When faced with the conflicting data, Pops said the task force tried to keep in mind that nothing the researchers said applied absolutely.
“I don’t think anybody can draw a line and say that it can be absolutely 300 feet – just like the chemical companies can’t absolutely say that it’s 100 feet,” he said.
The committee members each had to work together and negotiate to figure out something that would work for Arkansas farmers. Farmers need something to help them fight pigweed, a nasty plant that can easily take over a field. The weed became resistant to Roundup after widespread use starting in the 1970s, and farmers have been looking for something to help them battle the plant. They thought dicamba might be the answer.
“Farmers fighting pigweed probably feel like they don’t have options because they can’t use dicamba,” Ward said.
The task force tried to figure out an answer that could still help the farmers with pigweed and keep dicamba-related complaints from sprouting, Pops said. He thought that enforcing a ban during the growing period would be a good solution, allowing farmers to use dicamba for burn down, a process that uses herbicides to kill weeds and prepare to start producing crops, throughout the rest of the year. This way, when dicamba is in use, other crops won’t suffer, he said. Dicamba is also shown to be much more likely to become more volatile the hotter the temperature is, according to research from both Norsworthy and Monsanto representatives. If dicamba is used in winter months, it is much less likely to spread.
Monsanto’s Growing Frustrations
It’s no secret that Monsanto is a company with a bad reputation. The company produced Agent Orange, the herbicide that the United States military sprayed over Vietnam during the 1960s and affected approximately 3 million Vietnamese people, according to The Aspen Institute. Monsanto is engrossed in a battle with California to avoid putting cancer-warning labels on Roundup. And 24/7 Wall St. ranked Monsanto as the 16th most hated company in the United States. Now, there’s dicamba. The company has lost its suit against the Arkansas Plant Board, and now Monsanto is evaluating its next options, said Scott Partridge, vice president of global strategies for the company. Partridge is worried that Arkansas is setting a precedent that judicially protects state agencies at the expense of Arkansas residents.
“I find it amazing that we basically have a kingdom in the state of Arkansas,” Partridge said.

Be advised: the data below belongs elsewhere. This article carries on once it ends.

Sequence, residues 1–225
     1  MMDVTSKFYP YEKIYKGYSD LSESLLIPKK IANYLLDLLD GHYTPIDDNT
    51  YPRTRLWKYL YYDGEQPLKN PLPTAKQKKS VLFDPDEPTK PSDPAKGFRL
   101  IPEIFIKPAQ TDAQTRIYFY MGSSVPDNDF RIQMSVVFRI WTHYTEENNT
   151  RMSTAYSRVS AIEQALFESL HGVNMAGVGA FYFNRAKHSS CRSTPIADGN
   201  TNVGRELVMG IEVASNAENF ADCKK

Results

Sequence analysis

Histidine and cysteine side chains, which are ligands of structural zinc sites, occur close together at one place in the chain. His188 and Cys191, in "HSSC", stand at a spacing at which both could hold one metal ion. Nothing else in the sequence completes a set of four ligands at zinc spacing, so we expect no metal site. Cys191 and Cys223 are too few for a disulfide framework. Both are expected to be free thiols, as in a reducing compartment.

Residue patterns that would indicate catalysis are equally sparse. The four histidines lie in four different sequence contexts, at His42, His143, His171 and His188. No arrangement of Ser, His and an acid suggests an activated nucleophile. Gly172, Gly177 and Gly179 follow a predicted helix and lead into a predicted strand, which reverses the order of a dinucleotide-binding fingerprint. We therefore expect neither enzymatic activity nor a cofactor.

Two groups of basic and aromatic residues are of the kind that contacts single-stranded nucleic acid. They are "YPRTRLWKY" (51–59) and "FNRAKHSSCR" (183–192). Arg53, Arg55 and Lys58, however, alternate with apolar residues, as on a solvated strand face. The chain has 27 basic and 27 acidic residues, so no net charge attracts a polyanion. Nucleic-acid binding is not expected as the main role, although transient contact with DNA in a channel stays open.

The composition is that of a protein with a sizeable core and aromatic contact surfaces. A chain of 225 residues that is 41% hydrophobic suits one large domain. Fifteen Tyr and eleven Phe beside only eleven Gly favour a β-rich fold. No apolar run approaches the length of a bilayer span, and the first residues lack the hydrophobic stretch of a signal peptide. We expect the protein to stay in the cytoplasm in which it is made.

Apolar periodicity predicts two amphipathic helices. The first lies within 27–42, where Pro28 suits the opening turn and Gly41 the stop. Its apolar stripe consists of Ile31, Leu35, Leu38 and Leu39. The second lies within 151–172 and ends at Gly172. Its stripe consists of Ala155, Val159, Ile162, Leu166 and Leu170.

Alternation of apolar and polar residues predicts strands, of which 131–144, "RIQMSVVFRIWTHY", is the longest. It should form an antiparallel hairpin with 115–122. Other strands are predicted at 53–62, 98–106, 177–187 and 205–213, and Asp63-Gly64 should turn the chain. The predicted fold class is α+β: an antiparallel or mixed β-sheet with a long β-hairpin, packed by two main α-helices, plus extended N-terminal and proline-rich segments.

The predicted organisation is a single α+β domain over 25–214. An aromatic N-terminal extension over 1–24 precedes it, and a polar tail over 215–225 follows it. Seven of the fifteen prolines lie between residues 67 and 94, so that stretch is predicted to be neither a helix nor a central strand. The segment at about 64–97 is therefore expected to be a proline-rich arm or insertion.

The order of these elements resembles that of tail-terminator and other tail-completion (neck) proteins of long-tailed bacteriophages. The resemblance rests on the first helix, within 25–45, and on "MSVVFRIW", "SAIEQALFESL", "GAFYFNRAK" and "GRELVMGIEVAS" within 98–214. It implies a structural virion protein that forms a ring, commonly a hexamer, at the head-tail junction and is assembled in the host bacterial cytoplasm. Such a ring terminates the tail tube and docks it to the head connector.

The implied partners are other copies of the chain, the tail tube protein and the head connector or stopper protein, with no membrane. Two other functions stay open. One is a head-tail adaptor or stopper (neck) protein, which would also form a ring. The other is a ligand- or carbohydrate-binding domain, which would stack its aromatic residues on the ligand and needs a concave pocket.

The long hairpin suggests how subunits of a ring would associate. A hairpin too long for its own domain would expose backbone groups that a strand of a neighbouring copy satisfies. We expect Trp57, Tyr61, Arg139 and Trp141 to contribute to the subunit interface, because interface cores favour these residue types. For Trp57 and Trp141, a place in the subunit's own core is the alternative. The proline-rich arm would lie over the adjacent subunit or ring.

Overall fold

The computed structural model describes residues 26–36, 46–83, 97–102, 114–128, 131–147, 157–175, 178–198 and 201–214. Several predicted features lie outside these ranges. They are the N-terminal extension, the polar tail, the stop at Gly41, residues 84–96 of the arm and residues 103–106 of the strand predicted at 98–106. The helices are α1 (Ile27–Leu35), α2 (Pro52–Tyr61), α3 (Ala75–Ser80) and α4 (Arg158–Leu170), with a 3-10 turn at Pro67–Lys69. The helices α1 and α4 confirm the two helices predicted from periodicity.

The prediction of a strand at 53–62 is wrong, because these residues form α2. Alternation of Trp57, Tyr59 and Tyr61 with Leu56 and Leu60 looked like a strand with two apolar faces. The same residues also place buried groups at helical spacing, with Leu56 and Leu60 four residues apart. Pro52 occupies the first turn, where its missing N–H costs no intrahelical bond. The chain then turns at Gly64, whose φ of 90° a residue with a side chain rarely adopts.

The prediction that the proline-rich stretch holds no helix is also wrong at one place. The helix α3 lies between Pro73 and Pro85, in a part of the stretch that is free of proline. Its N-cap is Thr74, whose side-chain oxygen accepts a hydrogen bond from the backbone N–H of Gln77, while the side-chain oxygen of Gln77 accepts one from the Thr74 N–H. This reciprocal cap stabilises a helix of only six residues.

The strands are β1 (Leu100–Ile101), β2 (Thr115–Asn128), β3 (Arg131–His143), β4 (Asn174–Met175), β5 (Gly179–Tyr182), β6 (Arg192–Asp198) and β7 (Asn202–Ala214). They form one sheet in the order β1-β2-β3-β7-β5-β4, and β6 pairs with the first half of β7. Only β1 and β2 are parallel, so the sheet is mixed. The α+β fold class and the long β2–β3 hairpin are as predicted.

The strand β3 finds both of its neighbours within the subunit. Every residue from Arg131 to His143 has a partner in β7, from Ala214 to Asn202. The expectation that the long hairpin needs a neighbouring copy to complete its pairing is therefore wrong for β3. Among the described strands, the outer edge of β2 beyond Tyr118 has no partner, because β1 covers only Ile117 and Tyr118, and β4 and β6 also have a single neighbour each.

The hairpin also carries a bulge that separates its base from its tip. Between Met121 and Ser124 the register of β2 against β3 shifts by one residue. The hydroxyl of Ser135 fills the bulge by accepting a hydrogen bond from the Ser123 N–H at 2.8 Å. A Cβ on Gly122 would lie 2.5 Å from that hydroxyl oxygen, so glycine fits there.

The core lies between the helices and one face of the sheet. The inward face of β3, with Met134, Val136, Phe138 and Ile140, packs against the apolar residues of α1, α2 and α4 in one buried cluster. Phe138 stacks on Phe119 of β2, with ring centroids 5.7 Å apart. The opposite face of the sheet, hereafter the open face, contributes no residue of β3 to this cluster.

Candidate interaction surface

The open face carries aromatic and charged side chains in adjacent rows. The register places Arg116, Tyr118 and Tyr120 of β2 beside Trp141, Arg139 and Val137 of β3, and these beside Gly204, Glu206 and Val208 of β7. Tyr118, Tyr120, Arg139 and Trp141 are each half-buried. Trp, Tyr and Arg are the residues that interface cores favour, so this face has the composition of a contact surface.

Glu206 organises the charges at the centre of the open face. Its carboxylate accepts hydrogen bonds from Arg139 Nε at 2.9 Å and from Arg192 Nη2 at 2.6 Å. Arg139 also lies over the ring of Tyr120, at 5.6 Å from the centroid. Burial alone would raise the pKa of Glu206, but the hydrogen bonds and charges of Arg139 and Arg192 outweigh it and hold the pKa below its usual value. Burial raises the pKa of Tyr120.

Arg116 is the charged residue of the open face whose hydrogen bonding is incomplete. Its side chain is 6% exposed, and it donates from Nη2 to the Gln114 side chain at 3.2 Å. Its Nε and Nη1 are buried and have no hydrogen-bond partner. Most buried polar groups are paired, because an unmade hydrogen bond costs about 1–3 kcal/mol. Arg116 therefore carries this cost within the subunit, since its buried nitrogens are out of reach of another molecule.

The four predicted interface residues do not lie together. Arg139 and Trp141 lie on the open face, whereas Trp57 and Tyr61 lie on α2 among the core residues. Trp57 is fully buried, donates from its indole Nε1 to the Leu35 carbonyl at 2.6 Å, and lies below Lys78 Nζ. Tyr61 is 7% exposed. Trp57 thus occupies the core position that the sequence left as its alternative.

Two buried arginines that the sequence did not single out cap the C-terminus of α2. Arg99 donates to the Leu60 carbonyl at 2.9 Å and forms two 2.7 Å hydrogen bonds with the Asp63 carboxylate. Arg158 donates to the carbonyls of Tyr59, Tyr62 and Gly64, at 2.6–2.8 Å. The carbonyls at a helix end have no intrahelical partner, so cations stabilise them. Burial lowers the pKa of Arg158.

Partridge thinks the issue needs to be addressed in the Arkansas Supreme Court, and Monsanto representatives are considering appealing the decision there. Partridge blames the dicamba-related problems in Arkansas on misuse by farmers – a claim that Arkansas scientists and officials have disputed.
Affecting Real Lives
After talking with Pops about his actions as a part of the task force, I asked him about farmers he knew and what they think about dicamba. He told me that the men who farm the land that he owns in Dumas have both experienced crop damage from the herbicide. I talked to one of these men, Martin Henry, who grows crops on the land that my grandfather inherited from his parents, Zeraldine and Baxter Gladden. My great grandfather Baxter, the man who my father and brother get their names from, moved to Dumas from Yell County between the late ‘30s and early ‘40s. To save up to buy the land that Henry now farms, Baxter bought land which he cleared with a team of horses and then blew up the stumps with dynamite. He’d then resell the land at a profit.
“I work hard. Your daddy works hard, but what a lot of people don’t understand is the truly backbreaking work that was what people of that generation went through,” Pops told me.
My great granddaddy grew cotton on this land, but Henry grows cotton, corn and soybeans. Two years ago, a neighbor sprayed crops with dicamba, and the dicamba accidentally spread to Henry’s crops, reducing the yield by 80 percent as compared to plants that didn’t get hit by the herbicide.
After that year, Henry only bought Monsanto’s GMO cotton and soybeans, which are more expensive than regular cotton and soybeans, but would be protected from dicamba. The United States Department of Agriculture cleared farmers to start planting the new crops in 2015 – a year before the EPA cleared the company’s corresponding dicamba formulation, according to Monsanto’s History of Advancement webpage.
The new formulation kills cotton and soybeans that don’t have the modifications that Monsanto’s GMO cotton and soybeans do. “Because if one farmer is using dicamba, the other neighbor is almost afraid not to use (Monsanto GMO cotton and soybeans),” Henry said.
Henry described Monsanto as having monopolized the soybean and cotton industries. Despite this, Henry thinks that Monsanto’s newest formulation of dicamba is the only herbicide that can effectively fight pigweed.
“I think dicamba is a great product, but I wish it could be made to where it doesn’t drift,” he said.
Henry’s sentiments echoed the voices of researchers and committee members who think that Arkansas farmers need herbicide tools to fight pigweed but don’t want farmers to suffer at the cost.
“Basically, it’s like going to the farmer’s house and taking part of his house away. It’s all the farmer’s got,” Henry said.